SHARE
COPY LINK

SF

Swedes lie about loving Bergman classic

If a Swede claims to love the Swedish classic The Seventh Seal, take it with a grain of salt. One in ten Swedes lie about their favourite film, and the Bergman masterpiece is a prime example, a new survey revealed.

Swedes lie about loving Bergman classic
How much do you REALLY like Bergman films? Photo: Screendump from The Seventh Seal

What is it about The Seventh Seal? The Bergman classic from 1957, which sees a young Max von Sydow challenging Death to a game of chess, is an award-winning film with an average score of 94 percent on Rotten Tomatoes. And, according to a poll from YouGov commissioned by movie rental site SF Anytime, it's in the top two films that Swedes lie about enjoying.

Number one, incidentally, is The Godfather. 

Over 1,000 Swedes were surveyed in the poll, and 11 percent of respondents admitted that they have at some point lied about which movie topped their personal charts.

The phenomenon is even more common among peer pressure-conscious young adults, with 22 percent of respondents aged 18-24 lying. The older the Swedes get, the less likely they are to lie about favourite films, it would seem. 

But why? The survey showed that 41 percent of the liars said the circumstances called for it. It felt, they said, that they "should" hold certain films in highest regard. Others said they had someone to impress, that they wanted to appear more intellectual, or at they simply were ashamed of their favourite films.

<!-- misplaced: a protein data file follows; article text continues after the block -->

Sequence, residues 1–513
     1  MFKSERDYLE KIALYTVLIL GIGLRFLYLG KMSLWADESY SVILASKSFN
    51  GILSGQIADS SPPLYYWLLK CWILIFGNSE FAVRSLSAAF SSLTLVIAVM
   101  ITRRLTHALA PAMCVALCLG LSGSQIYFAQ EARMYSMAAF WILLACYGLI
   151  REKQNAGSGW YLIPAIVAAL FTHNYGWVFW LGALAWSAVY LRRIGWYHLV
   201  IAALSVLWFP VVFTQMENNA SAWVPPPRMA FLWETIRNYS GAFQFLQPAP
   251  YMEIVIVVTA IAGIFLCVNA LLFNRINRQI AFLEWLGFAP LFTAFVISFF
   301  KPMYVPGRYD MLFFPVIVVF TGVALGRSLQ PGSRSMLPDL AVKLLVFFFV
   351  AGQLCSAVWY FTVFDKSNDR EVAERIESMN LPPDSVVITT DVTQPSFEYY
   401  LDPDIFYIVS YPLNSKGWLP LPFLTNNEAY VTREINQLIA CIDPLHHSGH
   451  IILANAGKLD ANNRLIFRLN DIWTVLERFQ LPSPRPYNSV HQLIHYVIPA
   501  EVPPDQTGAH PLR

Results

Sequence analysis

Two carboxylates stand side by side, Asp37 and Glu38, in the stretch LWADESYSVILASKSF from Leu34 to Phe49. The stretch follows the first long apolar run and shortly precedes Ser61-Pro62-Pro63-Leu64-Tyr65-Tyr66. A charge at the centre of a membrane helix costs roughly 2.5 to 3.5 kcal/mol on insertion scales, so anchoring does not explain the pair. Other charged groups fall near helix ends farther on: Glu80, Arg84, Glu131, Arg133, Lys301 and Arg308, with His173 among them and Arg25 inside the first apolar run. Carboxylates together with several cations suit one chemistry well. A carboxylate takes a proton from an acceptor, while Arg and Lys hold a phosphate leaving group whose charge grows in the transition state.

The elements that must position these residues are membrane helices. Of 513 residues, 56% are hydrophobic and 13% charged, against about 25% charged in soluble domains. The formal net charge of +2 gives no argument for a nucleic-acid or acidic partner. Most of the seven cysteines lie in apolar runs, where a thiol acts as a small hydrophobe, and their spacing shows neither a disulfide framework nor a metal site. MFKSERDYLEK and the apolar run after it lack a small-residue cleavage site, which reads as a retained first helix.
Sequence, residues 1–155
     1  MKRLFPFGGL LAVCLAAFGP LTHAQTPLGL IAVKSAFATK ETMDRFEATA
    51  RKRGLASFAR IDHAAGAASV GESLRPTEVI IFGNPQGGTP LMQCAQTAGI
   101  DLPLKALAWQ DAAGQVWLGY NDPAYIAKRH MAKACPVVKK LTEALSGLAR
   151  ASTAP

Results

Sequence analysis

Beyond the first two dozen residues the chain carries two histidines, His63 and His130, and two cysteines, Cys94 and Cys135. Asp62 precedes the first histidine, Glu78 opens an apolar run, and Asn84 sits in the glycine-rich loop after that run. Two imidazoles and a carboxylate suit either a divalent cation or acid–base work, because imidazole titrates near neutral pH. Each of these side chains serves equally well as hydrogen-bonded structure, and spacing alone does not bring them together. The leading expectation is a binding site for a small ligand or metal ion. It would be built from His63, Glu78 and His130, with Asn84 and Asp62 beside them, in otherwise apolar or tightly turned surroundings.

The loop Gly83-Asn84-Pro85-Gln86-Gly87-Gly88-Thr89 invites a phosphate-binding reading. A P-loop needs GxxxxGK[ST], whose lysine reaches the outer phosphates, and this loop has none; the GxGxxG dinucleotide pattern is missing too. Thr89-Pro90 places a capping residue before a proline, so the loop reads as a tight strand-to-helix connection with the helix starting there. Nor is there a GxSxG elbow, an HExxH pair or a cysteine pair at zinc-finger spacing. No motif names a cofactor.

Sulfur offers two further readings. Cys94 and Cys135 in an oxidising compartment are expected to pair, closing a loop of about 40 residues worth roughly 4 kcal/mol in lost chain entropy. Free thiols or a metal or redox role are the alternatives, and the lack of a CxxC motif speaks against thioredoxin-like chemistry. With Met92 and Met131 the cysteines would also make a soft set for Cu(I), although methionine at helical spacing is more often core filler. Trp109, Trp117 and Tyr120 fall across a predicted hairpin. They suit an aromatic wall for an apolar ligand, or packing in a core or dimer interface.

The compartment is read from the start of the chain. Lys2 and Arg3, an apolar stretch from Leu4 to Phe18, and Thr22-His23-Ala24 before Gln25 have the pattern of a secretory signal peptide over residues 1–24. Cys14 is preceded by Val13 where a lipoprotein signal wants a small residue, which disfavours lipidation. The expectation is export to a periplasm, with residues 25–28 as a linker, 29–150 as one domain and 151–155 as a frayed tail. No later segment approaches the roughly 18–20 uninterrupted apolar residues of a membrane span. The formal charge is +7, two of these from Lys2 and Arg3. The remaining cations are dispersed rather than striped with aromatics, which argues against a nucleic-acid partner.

In contrast, 15 percent worried about being called "culture snobs" and tried to make their film tastes appear less elite. 

"It's an interesting phenomenon," marketing manager Marta Jarzabek Hulthén stated. "Favourites are not usually the films that are awarded at Cannes, or even those that are rented most often at SF Anytime. Watching a movie should be fun. If you like a film there shouldn't be anything to be ashamed of."

The top five films that Swedes lie about loving:

1.  The Godfather (Martin Scorsese)
2.  The Seventh Seal (Ingmar Bergman)
3.  A Clockwork Orange (Stanley Kubrick)
4.  Inland Empire (David Lynch)
5.  Gone With the Wind (Victor Fleming)

Member comments

Log in here to leave a comment.
Become a Member to leave a comment.

FILM

7 things you (maybe) didn’t know about Dolph Lundgren

Dolph Lundgren is back on the big screen in the recently-released ‘Creed II’.

7 things you (maybe) didn’t know about Dolph Lundgren
Dolph Lundgren at the world premiere of "Creed II" in New York earlier this month. Photo: Andy Kropa/TT
With Lundgren reprising his most famous character, the Russian boxer Ivan Drago, we thought we’d take a closer look at his life and career. Here are seven things you might not know about the Swedish actor. 
 
 
1. He’s still alive and well. 
 
If you thought Lundgren had fallen off the face of the earth before you spotted him in the 'Creed II' trailer, rest assured that he is doing well and has continued his acting career. The 61-year-old looks like he could still step into the boxing ring and he's still steadily appearing in films. It's safe to say, however, that most of his recent roles have failed to garner much notice, except for maybe the three (soon to be four) times he’s appeared in 'The Expendables' movies alongside a bunch of other ageing action heroes. 
 
But Lundgren seems poised for another turn in the limelight. In addition to returning to the Rocky franchise, he also has a high-profile role in the upcoming 'Aquaman' film that will be released just before Christmas.
 

 
2. Swedish? I thought he was Russian.